Friday, November 28, 2008

London United 159

Mike Crabtree sent me these pictures with the following comments.
I meant to send you the attached photos of LUT 159 a couple of weeks ago but forgot. They were taken on 5th Nov, when 159 made it's first ever very brief appearance outside the workshop, mounted on an accommodation truck, during a shunting operation to get the electric loco on to the jacking point. When you stand back and see the car outside you begin to realise how big the car really is.

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The new busway at Wakebridge (see comments on Wakebridge 20th Nov) won't be quite the same as this one. To reduce the trip hazards the concrete base will be the full width of the swept path. Second hand concrete sleepers no longer required for tram track will be laid on their sides to produce the guideway.
(Please remember this is an unofficial blog and not to be taken too seriously)

Comment #1
In response to the first comment I understand that second-hand German built motor buses from Australia are already on the high seas.
Comment #2
My plan is to replace the entire tramway with second-hand German-built guided buses - so there will be no need for any trams which could then be sold on ebay by sncvnmvb.
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Wednesday, November 26, 2008

Glasgow Cable Car No 1 trailer (welding trolley)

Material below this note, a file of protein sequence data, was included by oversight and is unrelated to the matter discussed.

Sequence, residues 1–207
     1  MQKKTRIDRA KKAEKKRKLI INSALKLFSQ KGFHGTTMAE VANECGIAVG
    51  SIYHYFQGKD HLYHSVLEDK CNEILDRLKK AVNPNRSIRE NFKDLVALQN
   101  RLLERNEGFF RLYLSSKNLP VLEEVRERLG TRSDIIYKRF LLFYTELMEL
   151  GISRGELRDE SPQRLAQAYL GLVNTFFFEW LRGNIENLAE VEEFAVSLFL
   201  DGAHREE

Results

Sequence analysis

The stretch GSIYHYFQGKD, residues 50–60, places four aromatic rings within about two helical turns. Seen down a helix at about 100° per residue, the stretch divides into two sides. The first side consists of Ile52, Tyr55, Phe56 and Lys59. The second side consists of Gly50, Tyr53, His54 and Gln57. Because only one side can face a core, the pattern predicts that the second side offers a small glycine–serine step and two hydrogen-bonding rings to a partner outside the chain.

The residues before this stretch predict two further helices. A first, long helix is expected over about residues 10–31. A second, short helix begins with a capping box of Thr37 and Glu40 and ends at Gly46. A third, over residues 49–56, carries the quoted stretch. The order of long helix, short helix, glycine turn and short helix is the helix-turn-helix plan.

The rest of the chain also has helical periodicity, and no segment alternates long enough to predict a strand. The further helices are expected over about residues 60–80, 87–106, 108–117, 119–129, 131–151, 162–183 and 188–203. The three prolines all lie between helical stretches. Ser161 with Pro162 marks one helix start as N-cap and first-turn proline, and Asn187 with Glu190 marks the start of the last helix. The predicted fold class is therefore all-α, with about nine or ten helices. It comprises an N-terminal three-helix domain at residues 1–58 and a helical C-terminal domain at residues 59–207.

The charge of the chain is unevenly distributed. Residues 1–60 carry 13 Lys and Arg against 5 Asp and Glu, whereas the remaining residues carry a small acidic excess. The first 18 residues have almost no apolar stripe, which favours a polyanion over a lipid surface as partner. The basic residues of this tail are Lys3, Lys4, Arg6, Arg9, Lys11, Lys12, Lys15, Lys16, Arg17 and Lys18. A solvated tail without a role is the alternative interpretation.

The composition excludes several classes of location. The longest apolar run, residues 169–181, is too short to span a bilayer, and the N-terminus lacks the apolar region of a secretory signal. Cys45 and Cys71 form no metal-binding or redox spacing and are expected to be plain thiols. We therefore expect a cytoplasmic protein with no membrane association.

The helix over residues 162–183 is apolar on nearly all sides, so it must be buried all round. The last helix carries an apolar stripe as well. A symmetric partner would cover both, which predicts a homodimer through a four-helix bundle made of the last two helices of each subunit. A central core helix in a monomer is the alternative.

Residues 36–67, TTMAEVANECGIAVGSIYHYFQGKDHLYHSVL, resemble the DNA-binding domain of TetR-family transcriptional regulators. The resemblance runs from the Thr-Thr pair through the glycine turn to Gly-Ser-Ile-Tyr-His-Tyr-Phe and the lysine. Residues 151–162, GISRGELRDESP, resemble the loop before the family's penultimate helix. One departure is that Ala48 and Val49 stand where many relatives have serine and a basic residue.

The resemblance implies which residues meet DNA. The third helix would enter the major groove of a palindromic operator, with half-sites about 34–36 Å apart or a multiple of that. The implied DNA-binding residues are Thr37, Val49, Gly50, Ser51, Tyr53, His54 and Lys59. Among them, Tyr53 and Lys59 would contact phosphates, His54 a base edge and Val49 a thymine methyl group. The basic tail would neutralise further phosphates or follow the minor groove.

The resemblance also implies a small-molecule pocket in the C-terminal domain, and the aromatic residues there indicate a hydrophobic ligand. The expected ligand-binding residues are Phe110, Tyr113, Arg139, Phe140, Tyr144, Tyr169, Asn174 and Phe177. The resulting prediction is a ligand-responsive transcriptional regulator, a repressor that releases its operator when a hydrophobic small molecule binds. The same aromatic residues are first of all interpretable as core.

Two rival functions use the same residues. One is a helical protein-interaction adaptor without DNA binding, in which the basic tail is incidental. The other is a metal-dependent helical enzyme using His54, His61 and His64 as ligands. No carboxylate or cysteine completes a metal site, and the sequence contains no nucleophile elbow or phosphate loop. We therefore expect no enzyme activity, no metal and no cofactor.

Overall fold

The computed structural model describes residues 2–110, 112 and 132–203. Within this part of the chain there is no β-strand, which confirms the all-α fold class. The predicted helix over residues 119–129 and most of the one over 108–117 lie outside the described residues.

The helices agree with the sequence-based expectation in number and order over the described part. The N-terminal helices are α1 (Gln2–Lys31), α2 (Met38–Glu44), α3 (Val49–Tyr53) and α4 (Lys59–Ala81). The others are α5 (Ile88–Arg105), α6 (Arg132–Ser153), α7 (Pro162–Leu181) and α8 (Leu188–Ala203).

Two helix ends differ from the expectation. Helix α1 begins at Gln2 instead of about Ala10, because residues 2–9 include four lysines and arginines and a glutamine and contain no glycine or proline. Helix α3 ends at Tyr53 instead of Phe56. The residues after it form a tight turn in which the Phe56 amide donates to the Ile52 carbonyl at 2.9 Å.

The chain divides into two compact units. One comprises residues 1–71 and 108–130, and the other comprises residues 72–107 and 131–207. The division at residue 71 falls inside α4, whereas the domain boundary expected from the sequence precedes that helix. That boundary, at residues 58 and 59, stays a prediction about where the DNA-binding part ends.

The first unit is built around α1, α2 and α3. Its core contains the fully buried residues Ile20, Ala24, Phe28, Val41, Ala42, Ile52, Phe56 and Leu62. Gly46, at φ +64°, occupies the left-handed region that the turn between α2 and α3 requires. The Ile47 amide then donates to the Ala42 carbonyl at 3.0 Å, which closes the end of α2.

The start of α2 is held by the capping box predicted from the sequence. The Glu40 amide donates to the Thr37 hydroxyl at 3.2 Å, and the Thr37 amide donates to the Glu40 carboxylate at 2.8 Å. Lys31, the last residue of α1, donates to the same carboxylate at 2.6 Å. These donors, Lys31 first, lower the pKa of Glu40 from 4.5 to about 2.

I was going to post an update on Cardiff 131 today but then Mike Crabtree reminded me that the welding trolley is of historical interest having horse car running gear, namely brake hangers, beams, pull rods and sway beam arrangement. The underframe looks as though it is bespoke and not of horse car origin also the wheels are of electric car proportions and the axleboxes are definitely a one off.
1. The welding trolley is in the workshop at present.
2-3. These pictures of the underframe were taken by Mike Crabtree.

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Tuesday, November 25, 2008

Wedding Anniversary (or a month to Christmas)

1. Cardiff 131 is now receiving its final coats of paint.
2. I took the opportunity of a space in the workshop to photograph MET 331.
3. Sheffield 330 showing new woodwork under the platform.
4. London United 159.
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Saturday, November 22, 2008

Wakebridge 18th November - part the second

1. Looking southwards. Most of the shuttering is in place with concrete due to be poured on Thursday. On the right of the picture is a traditional jim crow - I spent many hours as one of a small team manhandling these. I am waiting see how rails are bent in today's world.

2. Seven cubic metres of concrete.

3. The concrete pump can be raised, lowered and rotated by remote control. The guy on the left with the yellow jacket has the remote control round his waist.

4. Wet concrete. The space is where the drain box for the points will be.
Oh dear it looks as though both of the warning signs have been damaged! Perhaps they will be replaced with more attractive signs.Posted by Picasa

Friday, November 21, 2008

Wakebridge 18th November